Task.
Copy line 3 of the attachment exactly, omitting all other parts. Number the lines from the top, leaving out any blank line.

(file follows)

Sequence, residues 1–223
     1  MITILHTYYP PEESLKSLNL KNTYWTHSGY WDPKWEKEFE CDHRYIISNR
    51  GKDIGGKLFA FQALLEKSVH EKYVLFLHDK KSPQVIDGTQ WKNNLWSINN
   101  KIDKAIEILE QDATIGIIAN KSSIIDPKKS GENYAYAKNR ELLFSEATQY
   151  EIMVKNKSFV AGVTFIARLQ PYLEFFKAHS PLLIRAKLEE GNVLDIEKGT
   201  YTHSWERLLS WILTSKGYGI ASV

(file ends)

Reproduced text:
    51  GKDIGGKLFA FQALLEKSVH EKYVLFLHDK KSPQVIDGTQ WKNNLWSINN